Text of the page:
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How does Jane Austen use literary devices, such as allusion, in Sense and Sensibility?

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manaljaber | Student, Undergraduate | (Level 1) Salutatorian

Posted April 11, 2011 at 11:20 PM via web

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How does Jane Austen use literary devices, such as allusion, in Sense and Sensibility?

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Tamara K. H. | Middle School Teacher | (Level 1) Educator Emeritus

Posted March 9, 2012 at 3:06 PM (Answer #1)

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Allusion is definitely one literary element Austen frequently uses in Sense and Sensibility. One allusion can be found in Chapter 5 in which Marianne is saying adieu to Norland. Her long, dramatic speech at the end of the chapter is very reminiscent of an ode, even though it lacks a rhyme scheme. In fact, it is very similar to William Cowper's poetry, who is mentioned in Chapter 4. Some of these lines are very similar to Cowper's lines in The Task: Book III--"The Garden." For instance, the line, "But who will remain to enjoy you?" is very similar to Cowper's line, "Or tasting long enjoy thee" and "Happy house" is very similar to "Domestic Happiness."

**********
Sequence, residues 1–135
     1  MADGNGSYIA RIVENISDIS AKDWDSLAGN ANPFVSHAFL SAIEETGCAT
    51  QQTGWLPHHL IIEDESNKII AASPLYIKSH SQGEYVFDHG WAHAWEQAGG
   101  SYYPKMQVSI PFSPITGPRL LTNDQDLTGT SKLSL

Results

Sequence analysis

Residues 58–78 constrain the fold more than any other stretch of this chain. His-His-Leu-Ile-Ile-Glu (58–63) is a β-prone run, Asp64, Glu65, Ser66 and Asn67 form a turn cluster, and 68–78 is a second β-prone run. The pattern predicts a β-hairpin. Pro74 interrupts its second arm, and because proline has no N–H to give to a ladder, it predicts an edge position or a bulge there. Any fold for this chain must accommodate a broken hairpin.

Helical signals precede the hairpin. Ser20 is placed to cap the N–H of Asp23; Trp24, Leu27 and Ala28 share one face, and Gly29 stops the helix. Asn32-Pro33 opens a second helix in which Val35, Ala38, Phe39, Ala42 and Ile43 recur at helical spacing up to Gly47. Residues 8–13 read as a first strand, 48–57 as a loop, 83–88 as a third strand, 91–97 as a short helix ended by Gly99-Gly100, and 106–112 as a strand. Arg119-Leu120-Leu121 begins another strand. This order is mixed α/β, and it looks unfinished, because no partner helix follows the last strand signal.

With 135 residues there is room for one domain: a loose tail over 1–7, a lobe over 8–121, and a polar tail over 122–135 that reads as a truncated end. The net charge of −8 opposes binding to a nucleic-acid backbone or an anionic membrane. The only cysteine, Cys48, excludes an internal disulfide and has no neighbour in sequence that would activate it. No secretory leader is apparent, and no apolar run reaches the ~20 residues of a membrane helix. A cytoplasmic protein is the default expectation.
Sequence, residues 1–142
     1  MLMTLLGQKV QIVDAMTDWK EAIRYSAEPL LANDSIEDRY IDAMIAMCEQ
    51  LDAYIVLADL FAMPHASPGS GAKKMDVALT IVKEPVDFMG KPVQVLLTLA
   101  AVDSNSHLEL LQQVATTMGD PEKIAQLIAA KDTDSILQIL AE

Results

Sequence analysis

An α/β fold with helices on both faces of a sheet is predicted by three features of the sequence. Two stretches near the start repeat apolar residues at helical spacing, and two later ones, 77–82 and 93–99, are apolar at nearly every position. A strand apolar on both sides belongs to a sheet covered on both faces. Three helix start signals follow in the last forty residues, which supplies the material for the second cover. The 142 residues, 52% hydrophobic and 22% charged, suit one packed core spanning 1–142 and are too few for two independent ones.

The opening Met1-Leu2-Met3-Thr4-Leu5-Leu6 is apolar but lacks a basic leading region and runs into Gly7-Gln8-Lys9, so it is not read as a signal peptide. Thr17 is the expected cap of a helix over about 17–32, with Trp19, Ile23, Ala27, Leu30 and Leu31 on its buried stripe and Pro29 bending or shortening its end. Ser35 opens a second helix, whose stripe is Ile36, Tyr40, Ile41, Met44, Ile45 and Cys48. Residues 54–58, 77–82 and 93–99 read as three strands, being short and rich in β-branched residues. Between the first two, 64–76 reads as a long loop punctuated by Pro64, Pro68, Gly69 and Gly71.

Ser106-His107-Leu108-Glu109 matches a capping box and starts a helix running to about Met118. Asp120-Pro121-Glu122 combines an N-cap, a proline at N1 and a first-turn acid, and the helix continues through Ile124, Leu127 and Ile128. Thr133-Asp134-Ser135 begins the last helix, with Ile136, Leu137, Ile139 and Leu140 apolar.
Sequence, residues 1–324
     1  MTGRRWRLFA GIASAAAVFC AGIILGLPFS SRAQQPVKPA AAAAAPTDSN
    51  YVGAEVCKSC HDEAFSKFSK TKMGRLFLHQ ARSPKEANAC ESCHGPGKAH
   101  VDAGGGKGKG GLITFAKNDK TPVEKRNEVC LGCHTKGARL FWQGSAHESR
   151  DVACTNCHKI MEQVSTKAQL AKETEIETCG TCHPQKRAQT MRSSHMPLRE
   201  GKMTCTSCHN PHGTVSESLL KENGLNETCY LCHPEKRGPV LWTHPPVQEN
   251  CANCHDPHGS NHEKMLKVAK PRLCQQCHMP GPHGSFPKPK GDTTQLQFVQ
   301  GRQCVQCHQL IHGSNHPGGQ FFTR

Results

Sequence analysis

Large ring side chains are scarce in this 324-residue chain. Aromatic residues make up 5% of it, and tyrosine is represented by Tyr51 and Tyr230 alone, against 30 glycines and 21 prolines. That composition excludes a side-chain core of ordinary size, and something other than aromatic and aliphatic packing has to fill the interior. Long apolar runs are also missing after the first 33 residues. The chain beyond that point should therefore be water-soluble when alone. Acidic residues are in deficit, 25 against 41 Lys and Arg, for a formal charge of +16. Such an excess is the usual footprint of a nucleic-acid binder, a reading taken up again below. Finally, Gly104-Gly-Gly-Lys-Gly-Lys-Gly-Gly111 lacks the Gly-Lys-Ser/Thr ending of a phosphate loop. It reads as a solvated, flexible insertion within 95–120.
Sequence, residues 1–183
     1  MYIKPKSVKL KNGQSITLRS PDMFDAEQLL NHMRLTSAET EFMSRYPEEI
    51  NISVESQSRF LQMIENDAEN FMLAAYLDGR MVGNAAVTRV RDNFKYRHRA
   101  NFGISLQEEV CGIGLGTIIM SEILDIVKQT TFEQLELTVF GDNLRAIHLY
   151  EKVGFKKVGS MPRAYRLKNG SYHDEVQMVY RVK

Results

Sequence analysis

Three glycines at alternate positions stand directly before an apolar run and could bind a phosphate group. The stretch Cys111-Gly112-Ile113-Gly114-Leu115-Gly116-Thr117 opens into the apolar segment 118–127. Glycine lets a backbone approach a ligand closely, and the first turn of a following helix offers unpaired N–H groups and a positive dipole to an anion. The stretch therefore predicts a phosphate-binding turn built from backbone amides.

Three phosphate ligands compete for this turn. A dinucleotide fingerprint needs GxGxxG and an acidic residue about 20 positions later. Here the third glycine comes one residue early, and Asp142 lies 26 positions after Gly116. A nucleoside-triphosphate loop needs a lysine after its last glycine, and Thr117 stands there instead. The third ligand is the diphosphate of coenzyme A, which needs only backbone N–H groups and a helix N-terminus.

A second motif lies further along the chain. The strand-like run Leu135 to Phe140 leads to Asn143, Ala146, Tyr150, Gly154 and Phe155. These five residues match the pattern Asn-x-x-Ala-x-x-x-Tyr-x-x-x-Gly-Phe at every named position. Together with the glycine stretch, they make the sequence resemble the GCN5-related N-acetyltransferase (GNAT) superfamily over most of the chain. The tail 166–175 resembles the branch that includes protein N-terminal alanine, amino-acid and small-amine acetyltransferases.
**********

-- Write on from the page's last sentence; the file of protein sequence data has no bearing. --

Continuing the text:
Another allusion found in Sense and Sensibility is to Shakespeare's Hamlet (Ch. 16). A parallel can be drawn between Ophelia killing herself in Hamlet for love and Marianne nearly dying from a fever induced by a broken heart.

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